As more families find themselves under "Stay at Home" orders, combined with the usual "spring fever," the itch to get outside is growing.
But many municipalities are taking steps to stop the spread of coronavirus by closing parks and playgrounds to the public.
Medical experts say it's for the best.
"If we're going to be serious about shutting this virus down we really do have to keep people separated, six feet or more, for an extended period of time," said Dr. Luther Rhodes.
Dr. Rhodes is a leading infectious diseases specialist for Lehigh Valley Health Network. He says we need to be doing everything in our power to slow the spread of COVID-19.
"This is a new virus, nobody in the world essentially, or very few people have immunity so it's got to play itself out," said Dr. Rhodes.
That includes closing risky areas like playgrounds and parks.
In Jim Thorpe, all borough parks are closed until further notice. Summit Hill has closed its basketball court and removed the rims to discourage large gatherings. And while Palmerton parks remain open, playground equipment has been taped off.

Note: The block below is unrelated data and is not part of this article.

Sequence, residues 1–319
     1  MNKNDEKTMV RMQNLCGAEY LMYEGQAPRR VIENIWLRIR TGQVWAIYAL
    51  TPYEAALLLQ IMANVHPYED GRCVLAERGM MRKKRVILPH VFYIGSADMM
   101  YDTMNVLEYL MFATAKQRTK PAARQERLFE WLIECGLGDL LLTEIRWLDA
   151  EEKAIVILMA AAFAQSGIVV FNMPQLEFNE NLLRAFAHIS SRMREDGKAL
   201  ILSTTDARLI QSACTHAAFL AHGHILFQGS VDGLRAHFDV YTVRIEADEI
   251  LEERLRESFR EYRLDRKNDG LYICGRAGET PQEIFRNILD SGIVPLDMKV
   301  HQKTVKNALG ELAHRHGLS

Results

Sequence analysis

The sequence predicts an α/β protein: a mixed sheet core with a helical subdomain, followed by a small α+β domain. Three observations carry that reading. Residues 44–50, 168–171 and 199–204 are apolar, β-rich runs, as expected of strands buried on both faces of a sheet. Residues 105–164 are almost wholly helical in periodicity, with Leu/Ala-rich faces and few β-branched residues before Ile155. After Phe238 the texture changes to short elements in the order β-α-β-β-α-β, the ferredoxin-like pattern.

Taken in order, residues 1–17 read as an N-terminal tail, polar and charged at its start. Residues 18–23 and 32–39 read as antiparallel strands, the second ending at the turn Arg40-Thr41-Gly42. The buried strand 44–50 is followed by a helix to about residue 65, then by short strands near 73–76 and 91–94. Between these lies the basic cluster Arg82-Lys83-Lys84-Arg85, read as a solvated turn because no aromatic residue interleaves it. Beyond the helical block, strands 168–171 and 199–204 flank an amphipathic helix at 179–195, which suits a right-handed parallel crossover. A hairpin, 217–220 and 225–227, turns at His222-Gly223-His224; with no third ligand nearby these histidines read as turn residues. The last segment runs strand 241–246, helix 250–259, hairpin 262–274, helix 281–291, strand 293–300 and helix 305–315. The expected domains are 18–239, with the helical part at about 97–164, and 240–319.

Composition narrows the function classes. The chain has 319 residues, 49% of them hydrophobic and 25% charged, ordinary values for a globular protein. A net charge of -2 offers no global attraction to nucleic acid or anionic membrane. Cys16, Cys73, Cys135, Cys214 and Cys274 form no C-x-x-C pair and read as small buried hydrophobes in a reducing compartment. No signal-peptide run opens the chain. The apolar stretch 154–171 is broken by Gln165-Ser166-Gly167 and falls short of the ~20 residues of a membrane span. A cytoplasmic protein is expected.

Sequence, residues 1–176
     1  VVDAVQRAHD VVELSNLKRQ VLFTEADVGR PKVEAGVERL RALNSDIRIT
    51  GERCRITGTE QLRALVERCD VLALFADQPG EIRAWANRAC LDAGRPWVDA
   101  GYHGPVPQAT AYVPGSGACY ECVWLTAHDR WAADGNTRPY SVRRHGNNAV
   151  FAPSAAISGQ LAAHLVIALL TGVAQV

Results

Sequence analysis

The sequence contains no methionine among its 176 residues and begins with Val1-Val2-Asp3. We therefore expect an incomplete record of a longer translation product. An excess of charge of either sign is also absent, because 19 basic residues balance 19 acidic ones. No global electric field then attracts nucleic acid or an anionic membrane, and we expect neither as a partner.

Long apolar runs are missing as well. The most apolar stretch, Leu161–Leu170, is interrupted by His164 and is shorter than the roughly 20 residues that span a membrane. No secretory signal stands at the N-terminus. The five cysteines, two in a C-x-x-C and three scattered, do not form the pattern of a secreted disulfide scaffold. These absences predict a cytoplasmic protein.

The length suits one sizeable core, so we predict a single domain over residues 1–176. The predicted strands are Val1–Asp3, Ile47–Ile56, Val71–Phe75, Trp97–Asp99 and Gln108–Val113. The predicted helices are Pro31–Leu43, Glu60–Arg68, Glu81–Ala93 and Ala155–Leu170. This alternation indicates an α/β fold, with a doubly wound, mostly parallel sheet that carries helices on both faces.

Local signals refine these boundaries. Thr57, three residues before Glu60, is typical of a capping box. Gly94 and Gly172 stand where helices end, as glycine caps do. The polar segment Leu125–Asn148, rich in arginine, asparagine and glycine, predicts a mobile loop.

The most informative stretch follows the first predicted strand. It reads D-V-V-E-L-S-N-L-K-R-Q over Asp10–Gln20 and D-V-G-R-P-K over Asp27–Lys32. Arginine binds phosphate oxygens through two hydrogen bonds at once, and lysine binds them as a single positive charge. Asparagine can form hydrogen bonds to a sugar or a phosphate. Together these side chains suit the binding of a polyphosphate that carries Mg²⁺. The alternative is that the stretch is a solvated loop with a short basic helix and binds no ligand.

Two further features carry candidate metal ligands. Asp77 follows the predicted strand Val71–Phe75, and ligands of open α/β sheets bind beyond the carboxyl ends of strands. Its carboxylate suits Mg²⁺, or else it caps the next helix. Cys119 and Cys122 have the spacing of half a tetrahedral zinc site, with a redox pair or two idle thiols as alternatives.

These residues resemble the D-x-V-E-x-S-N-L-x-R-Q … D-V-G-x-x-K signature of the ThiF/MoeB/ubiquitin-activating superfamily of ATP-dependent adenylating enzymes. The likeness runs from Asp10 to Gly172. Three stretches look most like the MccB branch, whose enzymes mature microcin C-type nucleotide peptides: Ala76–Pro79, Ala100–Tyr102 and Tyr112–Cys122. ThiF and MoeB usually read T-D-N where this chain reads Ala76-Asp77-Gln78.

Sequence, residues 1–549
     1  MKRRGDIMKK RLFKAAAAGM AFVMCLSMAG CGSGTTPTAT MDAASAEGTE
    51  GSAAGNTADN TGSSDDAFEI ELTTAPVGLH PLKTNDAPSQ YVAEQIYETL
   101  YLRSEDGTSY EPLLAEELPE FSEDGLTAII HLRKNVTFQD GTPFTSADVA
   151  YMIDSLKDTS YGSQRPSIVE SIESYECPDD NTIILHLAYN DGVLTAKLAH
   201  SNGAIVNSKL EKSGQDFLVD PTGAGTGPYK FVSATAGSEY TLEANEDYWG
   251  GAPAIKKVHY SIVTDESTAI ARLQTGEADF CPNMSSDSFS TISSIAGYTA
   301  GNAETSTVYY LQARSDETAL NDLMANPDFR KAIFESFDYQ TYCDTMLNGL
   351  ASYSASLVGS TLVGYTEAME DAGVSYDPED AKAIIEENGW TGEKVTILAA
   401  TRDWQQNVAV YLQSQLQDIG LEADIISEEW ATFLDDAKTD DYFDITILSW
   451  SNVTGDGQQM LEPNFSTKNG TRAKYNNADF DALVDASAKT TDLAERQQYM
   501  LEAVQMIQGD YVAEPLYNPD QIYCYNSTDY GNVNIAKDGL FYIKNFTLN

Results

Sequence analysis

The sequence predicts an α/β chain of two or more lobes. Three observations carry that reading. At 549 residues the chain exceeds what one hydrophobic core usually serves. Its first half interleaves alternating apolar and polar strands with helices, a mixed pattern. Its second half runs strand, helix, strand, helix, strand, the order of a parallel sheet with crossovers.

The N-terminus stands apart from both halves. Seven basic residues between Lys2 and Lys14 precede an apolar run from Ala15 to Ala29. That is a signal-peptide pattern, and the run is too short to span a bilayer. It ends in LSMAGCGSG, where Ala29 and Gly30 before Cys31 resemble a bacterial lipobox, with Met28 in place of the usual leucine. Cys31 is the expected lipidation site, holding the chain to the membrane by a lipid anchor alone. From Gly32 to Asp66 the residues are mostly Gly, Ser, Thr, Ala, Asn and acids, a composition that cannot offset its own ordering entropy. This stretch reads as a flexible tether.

"You can't tell how long a surface was contaminated, how long ago," said Dr. Rhodes.
According to the World Health Organization, the coronavirus can live on surfaces for a few hours or up to a few days. Because public places are hard to regularly sanitize, experts say closing them makes the most sense.
"If you could be sure someone went into a playground and absolutely desanitized it and you had one child using a swing or what have you at a playground, that would be fine but it doesn't work that way," said Dr. Rhodes.
But again, this doesn't mean you can't go outside. Doctors encourage people to step out and exercise, as long as they do so safely.
"The restrictions don't keep you from going out for a run, for a walk, going out in your backyard and working your head off," said Dr. Rhodes.
Palmerton's borough manager says they're seeing a lot of large groups gathering in the park so they are discussing putting more restrictions into place.